Jason: Absolutely. There’s definitely days when it’s like, “Man, this video is not what I want it to be.” This live video show didn’t have as many viewers as I wanted. But then I look at the whole picture. I’m sure you do the same thing. It’s like, “What have I done?” I’ve worked with 700 plus brands now. I’ve kind of come up on a thousand, I think our 1,000th YouTube video is today. You look at stuff like that. We’ve created 1,000 YouTube videos. We’ve almost been viewed 2 million times on YouTube. That’s insane. Okay, so one video only got 100 views or one video wasn’t really funny. You let it go, you really do, because you can’t obsess over that stuff. You have to think about going forward, being creative and unique and continuing on.

Andrew: Also the fact that you’ve committed publicly to doing one a day, I’ve got to believe that that keeps you going too.

Jason: Absolutely. I’ll bring up the girlfriend thing. My girlfriend knows, she’s, like, “Hey, let’s get your video done early so we can go to a movie later.” It’s like, I guess I don’t think of life like that. I know it has to happen at some point, but hey, that makes sense. Let’s get it done. Trying to fit it in a schedule but know that you have to do that.

Andrew: What was your best, most popular video?

Jason: Our most popular video, I can tell you because I know. Last July or June, I wore a shirt from Massage Envy. I gave my buddy Bobby a massage. It doesn’t get creepy, but it actually just creeped over the 100,000 view mark on YouTube. You know, no promotion from us. It just has been very organic viewership and a lot of really weird comments on it. That’s the most viewed one.

Andrew: Is that because certain keywords like massage seem to be very popular on YouTube?

Jason: Well, the title was “Two Guys – One Massage.” I’m not going to give all credit to that, but that definitely had something to do with it.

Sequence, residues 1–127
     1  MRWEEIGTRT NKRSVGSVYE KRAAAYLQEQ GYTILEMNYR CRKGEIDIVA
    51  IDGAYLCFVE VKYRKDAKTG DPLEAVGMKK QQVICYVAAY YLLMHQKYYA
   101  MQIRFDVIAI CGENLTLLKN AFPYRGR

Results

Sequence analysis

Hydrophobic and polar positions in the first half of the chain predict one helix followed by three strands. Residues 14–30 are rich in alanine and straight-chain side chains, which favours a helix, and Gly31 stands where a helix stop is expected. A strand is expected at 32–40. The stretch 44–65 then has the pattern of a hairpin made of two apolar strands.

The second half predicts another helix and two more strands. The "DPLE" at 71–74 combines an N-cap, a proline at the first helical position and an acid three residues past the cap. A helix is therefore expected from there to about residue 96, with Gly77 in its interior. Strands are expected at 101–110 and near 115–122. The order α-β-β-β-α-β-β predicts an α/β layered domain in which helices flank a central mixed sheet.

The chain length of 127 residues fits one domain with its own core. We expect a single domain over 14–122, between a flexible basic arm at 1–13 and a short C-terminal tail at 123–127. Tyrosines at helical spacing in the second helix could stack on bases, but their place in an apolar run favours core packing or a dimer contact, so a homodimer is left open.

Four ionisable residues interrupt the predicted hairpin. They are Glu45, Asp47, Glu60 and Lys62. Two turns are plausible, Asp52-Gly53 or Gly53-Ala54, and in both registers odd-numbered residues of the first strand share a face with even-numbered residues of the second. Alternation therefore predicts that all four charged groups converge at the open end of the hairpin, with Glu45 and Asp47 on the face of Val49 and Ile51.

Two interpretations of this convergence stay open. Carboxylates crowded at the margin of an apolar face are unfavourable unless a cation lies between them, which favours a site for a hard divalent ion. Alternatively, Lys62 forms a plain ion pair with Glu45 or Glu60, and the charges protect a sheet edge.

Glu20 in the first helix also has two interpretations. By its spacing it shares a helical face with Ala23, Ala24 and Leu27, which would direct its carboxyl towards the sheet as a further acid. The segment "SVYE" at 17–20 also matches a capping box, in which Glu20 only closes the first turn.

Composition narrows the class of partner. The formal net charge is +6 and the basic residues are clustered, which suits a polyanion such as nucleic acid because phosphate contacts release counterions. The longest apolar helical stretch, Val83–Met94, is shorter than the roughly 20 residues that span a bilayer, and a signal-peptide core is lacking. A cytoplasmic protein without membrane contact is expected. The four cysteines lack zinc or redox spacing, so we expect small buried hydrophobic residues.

Andrew: I see. So, what’s today’s sponsor again?

Jason: Today is Joyful Bath Company and I apologize to Rochelle, because the shirt is in the dryer right now. It’s soaked.

Andrew: That’s because you gave it your all. That’s because you couldn’t just walk around wearing a t-shirt. You had to go into a bathtub with the t-shirt.

Jason: It’s true. I was on live video for an hour in a bathtub with bath salts and soaps.

Andrew: In a t-shirt. Maybe the video for YouTube for that should be “Two Guys – One Tub.”

Jason: I know. Well, we did that last year. This year it’s a little bit different. We kind of did some man on the street stuff, and I actually was in the grocery store earlier. That’s the other thing. We have to split up our video contents. We don’t ever get overlap on stuff.

Andrew: What do you mean by that?

Jason: If I know I’m going to go to a grocery store to do something like that, I always tell Evan, “Hey, this is what I am planning on doing for my video.” He’s like, “Okay, I’m not going to go and do the same thing.” So we never end up with two very similar videos.

Andrew: Oh, gotcha, okay. How about the most surprisingly weak? One that you thought should do well but didn’t do it.

Jason: Let’s see. We’ve had a couple bigger brands stuff that I just thought organic keywords would have done well. I’m trying to think. You know, we’ve done a lot of top ten lists things that I just thought would’ve been really funnier. I can’t think of anything off the top of my head directly. We just did one for Angry Birds that I thought would’ve been, we wore a shirt for them last week. I thought it would’ve gotten a lot of viewership quickly, because it was a really fun video. I did this weird workout montage. It hasn’t gotten the pick up that it gets, but that massage video didn’t get picked up for six months. Then all of a sudden, boom, 300 to 400 views a day.

Andrew: Oh, wow.

Jason: You never know and YouTube is a very funny animal.

Andrew: I saw that you had IdeaPaint on recently. Did you have to, was that in your house that you had that wall painted with IdeaPaint so you could go and write on it?

Jason: Yeah. I’d show it to you now but I’m in Canada traveling. Yeah, I have a room with my wall that’s dedicated to my live video show. I have a whole wall that was painted by my buddy, Verick. He painted a characterture of me, a liger, a megaman, a Where’s Waldo, like all this fun stuff. Then we have an IdeaPaint board that we always play Pictionary on Sundays on live video.